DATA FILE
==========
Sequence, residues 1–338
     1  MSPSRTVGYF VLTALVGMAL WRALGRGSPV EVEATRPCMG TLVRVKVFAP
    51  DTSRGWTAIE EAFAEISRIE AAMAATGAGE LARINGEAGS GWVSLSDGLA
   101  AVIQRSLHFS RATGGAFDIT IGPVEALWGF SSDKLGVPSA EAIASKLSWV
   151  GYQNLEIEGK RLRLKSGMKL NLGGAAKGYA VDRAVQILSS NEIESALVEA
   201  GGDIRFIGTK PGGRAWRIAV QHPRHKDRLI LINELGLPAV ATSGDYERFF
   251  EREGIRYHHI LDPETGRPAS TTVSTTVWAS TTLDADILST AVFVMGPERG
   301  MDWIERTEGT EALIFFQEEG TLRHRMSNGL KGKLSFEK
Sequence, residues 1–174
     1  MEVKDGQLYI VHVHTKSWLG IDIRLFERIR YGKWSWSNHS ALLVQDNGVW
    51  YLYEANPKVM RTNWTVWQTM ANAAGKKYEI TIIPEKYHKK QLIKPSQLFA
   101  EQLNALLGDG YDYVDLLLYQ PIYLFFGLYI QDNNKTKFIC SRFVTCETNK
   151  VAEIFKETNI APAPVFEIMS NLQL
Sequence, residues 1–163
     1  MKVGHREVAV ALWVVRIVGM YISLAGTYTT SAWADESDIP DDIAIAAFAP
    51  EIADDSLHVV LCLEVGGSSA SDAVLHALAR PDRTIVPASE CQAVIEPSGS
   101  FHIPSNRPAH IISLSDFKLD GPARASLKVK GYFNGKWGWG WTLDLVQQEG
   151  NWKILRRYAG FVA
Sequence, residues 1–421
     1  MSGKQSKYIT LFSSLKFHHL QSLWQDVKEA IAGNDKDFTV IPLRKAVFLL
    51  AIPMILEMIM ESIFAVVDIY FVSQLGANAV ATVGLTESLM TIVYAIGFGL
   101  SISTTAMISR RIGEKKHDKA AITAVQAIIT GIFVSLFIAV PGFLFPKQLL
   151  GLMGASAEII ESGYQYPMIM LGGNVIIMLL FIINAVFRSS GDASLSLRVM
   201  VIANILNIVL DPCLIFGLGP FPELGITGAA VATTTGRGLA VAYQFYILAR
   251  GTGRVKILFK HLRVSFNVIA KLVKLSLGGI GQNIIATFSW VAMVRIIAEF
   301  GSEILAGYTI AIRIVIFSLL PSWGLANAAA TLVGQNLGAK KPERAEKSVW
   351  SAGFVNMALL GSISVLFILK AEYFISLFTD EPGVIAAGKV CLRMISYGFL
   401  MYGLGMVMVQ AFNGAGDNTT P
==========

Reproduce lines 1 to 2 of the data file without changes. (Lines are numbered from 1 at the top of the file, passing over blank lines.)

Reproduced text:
Sequence, residues 1–338
     1  MSPSRTVGYF VLTALVGMAL WRALGRGSPV EVEATRPCMG TLVRVKVFAP